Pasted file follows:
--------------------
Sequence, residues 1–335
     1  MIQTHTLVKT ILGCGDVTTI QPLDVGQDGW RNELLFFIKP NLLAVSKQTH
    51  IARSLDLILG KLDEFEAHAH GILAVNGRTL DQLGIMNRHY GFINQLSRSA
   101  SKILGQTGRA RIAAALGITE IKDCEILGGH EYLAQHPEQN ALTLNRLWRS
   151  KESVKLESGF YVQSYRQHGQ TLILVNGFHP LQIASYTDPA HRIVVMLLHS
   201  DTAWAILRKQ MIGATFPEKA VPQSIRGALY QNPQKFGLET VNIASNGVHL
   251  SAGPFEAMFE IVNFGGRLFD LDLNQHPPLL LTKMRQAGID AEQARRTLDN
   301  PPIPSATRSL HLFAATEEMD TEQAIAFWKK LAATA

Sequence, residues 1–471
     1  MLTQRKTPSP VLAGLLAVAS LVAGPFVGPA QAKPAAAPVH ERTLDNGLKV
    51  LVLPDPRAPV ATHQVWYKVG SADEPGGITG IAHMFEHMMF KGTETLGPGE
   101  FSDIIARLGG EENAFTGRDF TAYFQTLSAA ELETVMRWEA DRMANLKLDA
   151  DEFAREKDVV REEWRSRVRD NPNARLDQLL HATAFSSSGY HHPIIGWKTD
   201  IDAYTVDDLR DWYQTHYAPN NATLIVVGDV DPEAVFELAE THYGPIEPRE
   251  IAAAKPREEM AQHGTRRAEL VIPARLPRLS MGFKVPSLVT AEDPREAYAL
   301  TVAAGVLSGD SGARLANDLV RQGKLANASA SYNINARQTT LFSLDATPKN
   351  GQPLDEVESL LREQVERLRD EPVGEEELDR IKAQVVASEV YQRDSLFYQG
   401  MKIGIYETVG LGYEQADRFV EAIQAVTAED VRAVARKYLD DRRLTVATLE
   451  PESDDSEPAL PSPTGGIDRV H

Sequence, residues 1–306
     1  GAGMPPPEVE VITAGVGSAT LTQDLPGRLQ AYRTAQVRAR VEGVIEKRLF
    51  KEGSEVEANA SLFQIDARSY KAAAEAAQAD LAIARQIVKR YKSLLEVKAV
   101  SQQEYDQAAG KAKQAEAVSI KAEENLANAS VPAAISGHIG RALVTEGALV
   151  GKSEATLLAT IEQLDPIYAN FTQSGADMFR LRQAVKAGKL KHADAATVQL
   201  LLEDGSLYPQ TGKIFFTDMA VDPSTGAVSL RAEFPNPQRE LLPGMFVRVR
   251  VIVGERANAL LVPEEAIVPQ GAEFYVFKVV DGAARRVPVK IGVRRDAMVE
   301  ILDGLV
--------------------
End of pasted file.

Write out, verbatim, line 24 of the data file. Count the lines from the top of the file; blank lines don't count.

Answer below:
   151  GKSEATLLAT IEQLDPIYAN FTQSGADMFR LRQAVKAGKL KHADAATVQL